Jubaland parliament re-elects Madobe as state president

The 75-member Jubaland state parliament in southern Somalia overwhelmingly elected Sheikh Ahmed ‘Madobe’ Mohamed Islam as president on Aug. 15th, in a move seen as the Jubaland leader consolidating his power amidst troubled relations with the Federal Government in Mogadishu.

In preparation for the election, the southern Somali port city of Kismayo was under heavy security, with many roads closed and soldiers and armed trucks on the streets on election day.

Jubaland parliament speaker Sheikh Abdi Yusuf declared Ahmed Madobe as president of Jubaland for a four-year term, with 68 MPs voting for him out of a total of 74 MPs present.

The other three candidates received a total of four votes – Osman Haji Feyrus and Hilowle Mohamed Aden received two votes each, while Mohamed Osman Yusuf did not get a single vote.

Jubaland parliament seats are based on the regional state’s 15 districts and the local clans are represented in the parliament.

The election process

On Aug. 6th, Ms. Quresha Mohamed Abdulle issued a statement detailing requirements for presidential candidates, including educational qualifications, personal character and a $7,000 candidate fee.

Two days earlier, on Aug. 4th, the Jubaland parliament nominated a parliamentary Election Committee tasked with steering the state’s presidential election.

Regional delegates first elected Ahmed Madobe as Jubaland leader on May 15, 2013, but that election worsened political tensions with the Federal Government in Mogadishu. The two sides finally struck an agreement in August 2013, with Mogadishu recognizing Ahmed Madobe as leader of the Interim Juba Administration (IJA).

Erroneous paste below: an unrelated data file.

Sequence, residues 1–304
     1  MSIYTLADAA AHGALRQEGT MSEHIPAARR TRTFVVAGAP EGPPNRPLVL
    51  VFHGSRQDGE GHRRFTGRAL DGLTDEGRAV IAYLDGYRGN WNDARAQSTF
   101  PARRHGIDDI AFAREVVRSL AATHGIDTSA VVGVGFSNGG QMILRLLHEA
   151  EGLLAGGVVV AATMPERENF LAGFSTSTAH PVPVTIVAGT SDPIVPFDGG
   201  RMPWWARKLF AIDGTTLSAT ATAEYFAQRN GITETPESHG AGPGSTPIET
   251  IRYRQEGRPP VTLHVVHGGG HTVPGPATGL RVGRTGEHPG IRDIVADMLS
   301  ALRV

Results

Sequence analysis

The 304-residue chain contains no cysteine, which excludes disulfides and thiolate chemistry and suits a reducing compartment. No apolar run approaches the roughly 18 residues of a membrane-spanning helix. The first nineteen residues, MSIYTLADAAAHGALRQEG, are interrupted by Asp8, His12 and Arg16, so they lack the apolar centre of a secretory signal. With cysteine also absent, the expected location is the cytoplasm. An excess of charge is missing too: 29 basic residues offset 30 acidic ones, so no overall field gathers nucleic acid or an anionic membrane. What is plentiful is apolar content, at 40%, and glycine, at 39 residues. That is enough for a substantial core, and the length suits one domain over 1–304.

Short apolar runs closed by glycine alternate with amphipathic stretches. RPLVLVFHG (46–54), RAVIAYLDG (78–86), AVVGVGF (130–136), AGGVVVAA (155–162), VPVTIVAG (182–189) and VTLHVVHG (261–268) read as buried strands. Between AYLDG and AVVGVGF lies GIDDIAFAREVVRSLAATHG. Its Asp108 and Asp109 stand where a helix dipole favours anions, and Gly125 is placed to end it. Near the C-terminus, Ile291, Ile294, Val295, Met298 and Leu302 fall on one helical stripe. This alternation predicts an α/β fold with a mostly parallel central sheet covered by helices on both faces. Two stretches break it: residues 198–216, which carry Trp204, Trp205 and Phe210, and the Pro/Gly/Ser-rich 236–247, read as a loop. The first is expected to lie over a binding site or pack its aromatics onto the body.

With his two-year mandate up, Mr. Madobe prepared the state for a new presidential election. However, the process has been fraught with many challenges from the onset, including security considerations, balancing clan politics, and managing relations with the Federal Government.

After months of calm, political tensions between Mogadishu and Jubaland spiked after June 6th, when the Federal Parliament in Mogadishu voted to “reject” the formation of Jubaland state parliament. In response, Jubaland declared that it had “suspended relations” with the Federal Government. Puntland state in northern Somalia welcomed Jubaland’s decision and referred to the Federal Parliament’s vote as “unconstitutional”.

Strained relations between the Federal Government and the regional states – such as Puntland and Jubaland – has led to a state of political uncertainty in Somalia, as the nation struggles to recover from conflict and state collapse.

Source: Somali Review